How to Mow Stripes in the Lawn

By Allyn Hane - "The Lawn Care Nut"
July 6, 2019

The first time I noticed stripes in a lawn was as a kid watching the Chicago Cubs play baseball on WGN TV. I’m talking about the 1980s here; the Harry Caray singing “Take Me Out To the Ball Game” 7th Inning Stretch days. In SW Florida where I grew up, we didn’t have a professional baseball team, but on basic cable, you could get WGN (it was called a “Super Station”) and they carried all the Cubs games which back then, were all days games.

baseball field with stripes in the grass

Baseball history aside, the Cubs were not too good back then but the field was what I cared about most anyway! I loved seeing the stripes in the outfield and always wondered how they did that! I never had seen grass that looked like that. Was it paint? Was it some special lighting? A special mower? I didn’t know until years later when I bought my first house and wanted to learn, and now I’m going to share the secret with you!

Mowing Stripes in Grass

“Laying down” the stripes is your first goal and that is done quite easily. You see, the stripes are really just the grass reflecting the sunlight at different angles. When you look at your lawn, what you are seeing is the sun reflected off the grass that is either slightly angled away from you, or slightly angled towards you. Grass angled away from you appears lighter, and grass blades leaning towards you appear darker.

So in order to get stripes in your lawn, you need something that, as you mow is going to slightly “press” the blades down so they lean all in the same direction as you mow. It doesn’t take much actually, and it will take a few days for the grass to completely stand back up. (depending on grass type). So your stripes should last for at least a week if you are mowing tall.

Crown Point, IN Church Lawn Project stripes in the lawn

Above: Crown Point, IN Church Lawn Project - This is an "old school" lawn stripes nicely even with weeds in it.

Some people make their own “lawn striper” as I did in this video, while others purchase actual lawn rollers or stripers that are meant to attach to any mower safely. The key is that you have something dragging or pulling behind the mower that will lay the grass down as you cut it. Keep in mind, safety first! When in doubt, call your lawn mower manufacturer and see if they offer a “striping attachment” for your particular mower.

That’s it, step one is to get some device or apparatus to press the grass down as you mow.

Lawn Stripe Roller attached to mower

Pointing the Stripes and Sun Position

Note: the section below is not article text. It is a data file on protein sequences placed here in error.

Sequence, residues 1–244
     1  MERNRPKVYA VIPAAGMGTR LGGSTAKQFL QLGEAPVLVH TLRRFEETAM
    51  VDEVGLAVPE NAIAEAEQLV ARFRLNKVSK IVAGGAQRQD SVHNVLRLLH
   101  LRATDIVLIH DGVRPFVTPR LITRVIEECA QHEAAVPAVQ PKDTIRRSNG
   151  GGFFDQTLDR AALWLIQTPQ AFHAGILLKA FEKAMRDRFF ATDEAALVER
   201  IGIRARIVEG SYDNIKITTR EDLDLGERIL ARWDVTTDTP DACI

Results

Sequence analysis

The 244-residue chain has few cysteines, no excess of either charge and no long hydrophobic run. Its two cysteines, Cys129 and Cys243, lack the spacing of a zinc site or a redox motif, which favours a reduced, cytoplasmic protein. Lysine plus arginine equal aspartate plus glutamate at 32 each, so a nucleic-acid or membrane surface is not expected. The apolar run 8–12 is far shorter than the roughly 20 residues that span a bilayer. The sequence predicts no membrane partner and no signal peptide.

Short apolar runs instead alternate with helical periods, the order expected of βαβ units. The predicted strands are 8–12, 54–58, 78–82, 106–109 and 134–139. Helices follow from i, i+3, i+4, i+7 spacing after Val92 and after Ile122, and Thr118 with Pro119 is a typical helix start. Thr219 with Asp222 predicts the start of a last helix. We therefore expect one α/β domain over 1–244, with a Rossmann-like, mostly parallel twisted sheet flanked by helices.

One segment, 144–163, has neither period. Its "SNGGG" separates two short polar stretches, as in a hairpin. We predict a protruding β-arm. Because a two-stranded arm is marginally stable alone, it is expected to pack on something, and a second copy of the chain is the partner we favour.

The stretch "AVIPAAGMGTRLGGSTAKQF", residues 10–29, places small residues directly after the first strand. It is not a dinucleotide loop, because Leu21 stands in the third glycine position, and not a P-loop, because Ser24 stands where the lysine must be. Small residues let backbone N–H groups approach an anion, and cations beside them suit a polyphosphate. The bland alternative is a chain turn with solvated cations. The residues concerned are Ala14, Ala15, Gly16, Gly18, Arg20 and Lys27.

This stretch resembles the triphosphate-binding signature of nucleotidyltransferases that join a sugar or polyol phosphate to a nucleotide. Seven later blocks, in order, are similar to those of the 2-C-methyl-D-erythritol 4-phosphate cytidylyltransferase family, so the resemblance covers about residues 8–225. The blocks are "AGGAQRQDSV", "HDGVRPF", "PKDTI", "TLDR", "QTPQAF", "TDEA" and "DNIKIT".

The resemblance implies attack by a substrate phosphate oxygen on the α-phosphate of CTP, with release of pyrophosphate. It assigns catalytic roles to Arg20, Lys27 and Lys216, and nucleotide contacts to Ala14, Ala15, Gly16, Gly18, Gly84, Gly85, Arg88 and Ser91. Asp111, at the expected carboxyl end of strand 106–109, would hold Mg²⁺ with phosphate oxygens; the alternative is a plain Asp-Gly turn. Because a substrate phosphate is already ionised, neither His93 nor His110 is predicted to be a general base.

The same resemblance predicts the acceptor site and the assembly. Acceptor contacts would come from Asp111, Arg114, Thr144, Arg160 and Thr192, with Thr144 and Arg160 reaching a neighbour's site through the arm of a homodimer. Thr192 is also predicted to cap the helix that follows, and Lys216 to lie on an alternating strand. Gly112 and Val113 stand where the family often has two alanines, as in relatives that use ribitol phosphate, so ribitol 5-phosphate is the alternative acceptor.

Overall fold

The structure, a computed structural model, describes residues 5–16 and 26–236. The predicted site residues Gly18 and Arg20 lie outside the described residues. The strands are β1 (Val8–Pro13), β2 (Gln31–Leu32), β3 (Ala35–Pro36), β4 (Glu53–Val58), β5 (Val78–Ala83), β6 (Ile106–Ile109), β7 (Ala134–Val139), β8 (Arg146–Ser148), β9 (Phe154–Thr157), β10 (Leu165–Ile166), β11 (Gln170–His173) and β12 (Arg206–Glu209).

Next, mow your lawn. But before you do that, where is the sun located and what is the best view for your stripes? You see, the other secret here is that in order to see the stripes, the sun (or light source) has to be mostly behind you. If the sun is directly in front of you, the stripes will be washed out but when it’s behind you, they will “come to light” vividly.

So before you go and mow, think about the best angle at which to mow so the stripes are most visible when the sun is behind you. In other words, “How do you point the stripes so everyone can see them?”

In this video, I show you how to use a property map to determine the angle of the sun and where best to point your stripes. Personally, I like to be able to see them as I drive up into my driveway after work. Depending on how your yard is shaped, and what direction your house faces, you may have other optimum stripe positions that you can enjoy.

What Grass Types Stripe Best?

Cool-season lawns are the ones that take and hold the best stripes. In fact, the taller you mow, the better your stripes will show. So if you have Kentucky bluegrass, perennial ryegrass or turf-type tall fescue, you are in prime time striping territory and even a lawn with weeds in it can stripe up nicely. The key is to mow tall and optimize the angle of the sun.

How to stripe lawn Allyn Hane house

Above: Turf Type Tall Fescue cut at 4" shows "double fat" stripes.

Taller cut bermudagrass, centipede and zoysia are fairly decent at taking and showing stripes and even St Augustine grass can be striped, but you will not see the stripes holding for as long as they do with our cool season friends.

As you get better and better at the stripes, you should experiment with cutting different patterns like waves or diamonds on a double cut. The sky is the limit (literally) when it comes to what you can do with your lawn striping strategy.

One last little tip: Ever notice that when you watch a night baseball game that you can see the stripes from all angles? Check it out next time you watch a game on TV. No matter what camera is on, you can see the stripes. That is because the field is lit equally as bright from ALL angles and therefore no matter what direction the stripes are laid, they will be seen.

If you want to truly dominate with stripes, perhaps you install baseball field lights around your house too! Happy lawn striping, I’ll see you in the lawn!